While the United States economy has suffered from the home mortgage crisis, credit card debt has been bubbling up as the next witch’s brew ready to bring its own potent poison to the table. Credit card debt has been getting out of control for years, but the situation has worsened as other forms of credit have dried up. Home equity loans are no longer a ready cash cow for acquisitive Americans, and growing unemployment rates have more people tapping credit cards to the limit.
Credit Counseling and Debt Settlement
It’s no wonder, then, that organizations that help consumers resolve credit card debt are extremely busy, serving thousands of new clients. There are two popular approaches to resolving credit card debt issues – credit counseling and debt settlement.
Each helps clients by educating them in ways to get out of debt and stay that way, but the approaches are significantly different. The objective of credit counseling is to pay off debts in full by negotiating lower interest rates, while debt settlement companies pay off debts fast by negotiating reductions in the amounts owed. Main differences include:
1. Negotiate reduced interest rate, pay off full original balances
2. Client pays monthly amount to counseling service, which makes payments to creditors
3. Monthly payments usually higher
4. Compensated by fees from lenders, 4-15%
5. More BBB complaints
6. 83.9% of BBB complaints resolved
7. 21-26% reported success rate
8. Professional Associations: National Federation for Consumer Counseling (NFCC) and Association of Independent Consumer Credit Counseling Agencies (AICCCA)
1. Negotiate reduced balances, then pay them off in full
2. Client sets up separate savings account, pays own bills from it
3. Monthly payments usually lower
4. Compensated directly by clients, 10-15%
5. Fewer BBB complaints
6. 91.5% of BBB complaints resolved
7. 40-55% reported success rate
8. Professional Association: The Association of Settlement Companies
Different Approaches for Different Problems
But the biggest distinction is that these two approaches are designed to help people with different levels of debt. Consumers with credit card debt less than $7,500 probably should not consider debt settlement. In such cases, credit counseling or a do-it-yourself program would be a better approach.
But people who have amassed very high levels of credit card debt may find debt settlement the best way to clear the deck and get back control of their lives. Companies that subscribe to standards of The Association of Settlement Companies (TASC) work toward paying off all balances in 12-36 months.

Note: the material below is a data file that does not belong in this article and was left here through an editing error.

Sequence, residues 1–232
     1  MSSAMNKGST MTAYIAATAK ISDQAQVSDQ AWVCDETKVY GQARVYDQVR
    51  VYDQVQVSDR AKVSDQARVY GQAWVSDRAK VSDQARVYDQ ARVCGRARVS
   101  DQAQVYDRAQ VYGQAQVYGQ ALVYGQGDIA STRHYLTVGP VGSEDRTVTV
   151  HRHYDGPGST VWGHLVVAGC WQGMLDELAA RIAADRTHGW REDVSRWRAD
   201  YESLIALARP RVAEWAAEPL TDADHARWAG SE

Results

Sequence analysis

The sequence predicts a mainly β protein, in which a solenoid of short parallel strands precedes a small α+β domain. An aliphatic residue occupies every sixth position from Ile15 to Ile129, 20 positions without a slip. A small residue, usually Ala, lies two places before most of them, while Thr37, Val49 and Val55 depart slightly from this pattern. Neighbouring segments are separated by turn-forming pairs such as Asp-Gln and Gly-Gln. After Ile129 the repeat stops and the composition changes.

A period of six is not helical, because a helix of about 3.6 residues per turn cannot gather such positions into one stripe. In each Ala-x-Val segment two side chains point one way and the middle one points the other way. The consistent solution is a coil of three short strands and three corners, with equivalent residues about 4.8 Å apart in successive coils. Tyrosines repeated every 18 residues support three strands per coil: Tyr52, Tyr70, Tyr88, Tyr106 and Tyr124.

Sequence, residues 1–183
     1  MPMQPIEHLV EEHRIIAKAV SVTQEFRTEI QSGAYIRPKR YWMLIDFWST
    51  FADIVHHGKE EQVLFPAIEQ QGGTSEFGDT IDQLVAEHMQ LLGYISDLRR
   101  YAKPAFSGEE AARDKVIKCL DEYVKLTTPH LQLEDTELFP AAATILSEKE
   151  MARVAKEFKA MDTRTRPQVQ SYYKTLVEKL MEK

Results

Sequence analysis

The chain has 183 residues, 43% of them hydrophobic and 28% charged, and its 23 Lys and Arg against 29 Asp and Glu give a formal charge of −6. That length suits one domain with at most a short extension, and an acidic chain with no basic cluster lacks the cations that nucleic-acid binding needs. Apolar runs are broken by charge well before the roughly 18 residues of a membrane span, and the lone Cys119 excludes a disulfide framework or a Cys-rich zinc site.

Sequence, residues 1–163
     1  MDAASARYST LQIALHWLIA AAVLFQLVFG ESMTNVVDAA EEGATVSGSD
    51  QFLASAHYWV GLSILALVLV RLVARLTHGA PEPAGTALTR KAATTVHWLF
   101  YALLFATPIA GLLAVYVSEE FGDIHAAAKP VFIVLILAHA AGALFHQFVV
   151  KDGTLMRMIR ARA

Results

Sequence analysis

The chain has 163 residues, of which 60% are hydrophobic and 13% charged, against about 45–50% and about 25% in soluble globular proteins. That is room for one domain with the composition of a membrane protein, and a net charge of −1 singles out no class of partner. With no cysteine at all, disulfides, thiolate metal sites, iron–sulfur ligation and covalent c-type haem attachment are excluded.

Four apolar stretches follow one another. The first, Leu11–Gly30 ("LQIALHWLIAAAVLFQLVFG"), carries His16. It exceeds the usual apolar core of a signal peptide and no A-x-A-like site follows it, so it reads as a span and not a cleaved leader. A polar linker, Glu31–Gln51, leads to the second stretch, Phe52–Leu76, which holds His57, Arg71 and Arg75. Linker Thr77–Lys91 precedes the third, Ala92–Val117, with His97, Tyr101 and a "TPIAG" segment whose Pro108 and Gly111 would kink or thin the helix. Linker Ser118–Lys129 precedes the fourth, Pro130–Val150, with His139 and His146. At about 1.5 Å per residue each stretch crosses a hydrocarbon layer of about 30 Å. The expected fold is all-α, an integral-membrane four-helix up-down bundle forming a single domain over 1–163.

A Needed Alternative to Bankruptcy
The Bankruptcy Abuse Prevention and Consumer Protection Act of 2005 all but eliminated personal bankruptcy for most Americans. When this option was all but taken off the table, the contemporary consumer credit industry began to take new form to meet the needs of consumers with exceptionally high levels of unsecured debt.
Let’s be clear about this: debt settlement is not for everyone, but it provides a much needed alternative to bankruptcy for people who, for whatever reason, cannot meet their obligations. People who cannot make even the minimum monthly payments on credit card debts aren’t likely to succeed with a credit counseling solution that calls for even higher monthly payments.
Criticism and Comparisons
For an industry with so much to offer the public, debt settlement has been subject to a great deal of criticism lately, primarily for two reasons: 1) the industry is new (less than five years old) and not well understood; and 2) a few bad companies have sullied the reputations of the majority of legitimate, highly ethical ones. The industry is correcting both problems by establishing a higher public profile to raise awareness and understanding, and by sorting out the bad apples.
The credit counseling industry, led by the NFCC, is not at all reluctant to cast stones at debt settlement, perhaps even questioning the industry’s right to exist. But a quick glance at the comparison above should alert readers to several concerns about credit counseling. Two in particular stand out.
First is the matter of who pays credit counseling agencies. Some have observed that they appear to be well-mannered collection agencies for the card companies, because creditors pay fees to them (which is not the case with debt settlement companies).
Then there is the matter of effectiveness. The credit counseling success rate of 21-26% lags well behind the 40-50% reported for debt settlement. If your financial future were on the line, which would you choose?